Another delay over post-Brexit immigration policy

The Home Secretary Sajid Javid will not release the government's post-Brexit immigration policy until after parliment votes on May's Brexit deal drawing criticism from MPs on all sides.

EU and UK immigration sign at an airport
It is "very unlikely" that the UK's post-Brexit immigration policy, which was supposed to be published more than a year ago, will be revealed until after MPs have voted next week on the nation's withdrawal agreement with the European Union, Home Secretary Sajid Javid admitted on Monday.The admission angered MPs and reflected disagreements among cabinet ministers over both the shape and scale of the new policy.

Senior cabinet ministers want to abandon net migration pledge

Mr Javid, Chancellor of the Exchequer Philip Hammond and Business Secretary Greg Clark are all believed to want the government to abandon its long-standing pledge to bring down net migration - currently running at about 270,000 a year - to below 100,000.Prime Minister Theresa May, however, appears committed to the target.To achieve this ambitious goal, Mrs May reportedly wants strict curbs of "low-skilled migration" (effectively, immigrants with jobs paying less than £30,000 a year) while her cabinet colleagues, along with many in business, fear this could cripple economic activity.

Delays to immigration white paper

Mr Javid, who had previously said he hoped the immigration white paper would be published before the crucial December 11 vote on the withdrawal agreement, told BBC Radio 4's Today programme on Monday: "It's unlikely, actually very unlikely, to be published before the vote. It will be published soon."This is the biggest change in our immigration system in over four decades - the most significant change we're going to see in immigration as we take control of our immigration system, so it's important that we work on the details, that we listen to people, to businesses and others and we get the details right."In a statement, he said that Brexit would enable the government to restore public confidence in immigration policies through the introduction of a skills-based system, which will come into effect at the end of the Brexit transition period, currently scheduled for the end of 2020.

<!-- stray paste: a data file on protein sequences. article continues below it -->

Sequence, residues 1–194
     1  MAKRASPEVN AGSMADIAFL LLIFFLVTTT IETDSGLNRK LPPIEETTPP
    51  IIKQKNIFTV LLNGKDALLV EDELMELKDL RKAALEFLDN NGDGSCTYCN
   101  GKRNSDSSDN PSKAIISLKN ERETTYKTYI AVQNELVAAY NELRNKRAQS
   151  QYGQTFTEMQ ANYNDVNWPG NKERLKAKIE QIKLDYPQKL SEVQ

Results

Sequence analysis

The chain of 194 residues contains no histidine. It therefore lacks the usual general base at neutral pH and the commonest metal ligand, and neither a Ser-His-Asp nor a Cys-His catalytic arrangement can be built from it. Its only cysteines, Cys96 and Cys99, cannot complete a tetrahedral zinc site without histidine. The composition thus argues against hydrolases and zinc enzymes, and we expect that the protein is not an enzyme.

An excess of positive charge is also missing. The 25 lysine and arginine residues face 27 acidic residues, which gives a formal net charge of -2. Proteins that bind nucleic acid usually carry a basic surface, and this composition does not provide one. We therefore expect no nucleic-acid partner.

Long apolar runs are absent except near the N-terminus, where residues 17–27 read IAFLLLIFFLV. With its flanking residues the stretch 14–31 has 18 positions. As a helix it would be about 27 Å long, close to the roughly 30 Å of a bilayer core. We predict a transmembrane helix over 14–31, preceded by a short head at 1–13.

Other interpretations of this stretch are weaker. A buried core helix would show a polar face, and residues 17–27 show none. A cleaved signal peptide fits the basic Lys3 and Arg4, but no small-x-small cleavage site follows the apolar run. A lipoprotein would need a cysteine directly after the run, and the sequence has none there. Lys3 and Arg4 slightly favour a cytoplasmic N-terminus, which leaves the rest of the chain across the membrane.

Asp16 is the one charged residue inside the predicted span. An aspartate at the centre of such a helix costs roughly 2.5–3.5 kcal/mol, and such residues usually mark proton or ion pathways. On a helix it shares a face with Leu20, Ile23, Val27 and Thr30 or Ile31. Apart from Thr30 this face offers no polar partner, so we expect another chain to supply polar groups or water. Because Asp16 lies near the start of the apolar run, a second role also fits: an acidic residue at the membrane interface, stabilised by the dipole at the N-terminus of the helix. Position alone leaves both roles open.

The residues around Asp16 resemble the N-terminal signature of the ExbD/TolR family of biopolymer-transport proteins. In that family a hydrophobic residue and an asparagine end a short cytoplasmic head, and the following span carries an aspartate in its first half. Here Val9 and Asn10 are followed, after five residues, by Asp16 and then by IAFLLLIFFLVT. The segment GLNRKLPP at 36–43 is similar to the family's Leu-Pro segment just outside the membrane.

Ending free movement is a key aim of Brexit 

"It is a simple fact that EU free movement rules mean the politicians they elect have no control over who comes here from Europe and how many," he said."Leaving the EU gives us the opportunity to change this. That's why ending free movement and control of our borders has been a key aim in our Brexit negotiations."The deal secured delivers that. We will be able to introduce a skills-based immigration system, based on what people can offer, not where they come from."However, the latest delay has raised the ire of MPs.
Follow the link for official communication on the UK Government's Brexit Deal.

MPs argue immigration white paper is necessary to a meaningful vote

Chris Green, the Conservative MP for Bolton West, tweeted, “A healthy democracy, our laws, our money and our trade are key parts of why people chose to leave the EU. So was controlling our borders, but the government is publishing the immigration white paper after the withdrawal vote. It seems a little odd.”Sir Edward Davey, the Liberal Democrat MP for Kingston and Surbiton, said the details were required for next week's vote to be meaningful.“Brexit and immigration: shocking and unacceptable for Sajid Javid to admit the immigration white paper will not be published before the Brexit vote,” he said.“For a meaningful vote, MPs need to know what might happen to immigration if we leave.”Luciana Berger, the Labour MP for Liverpool Wavertree, said the delay meant "yet more government policy won’t be revealed until after our vote", adding, "It’s not good enough - another reason to add to the growing list for a people’s vote."

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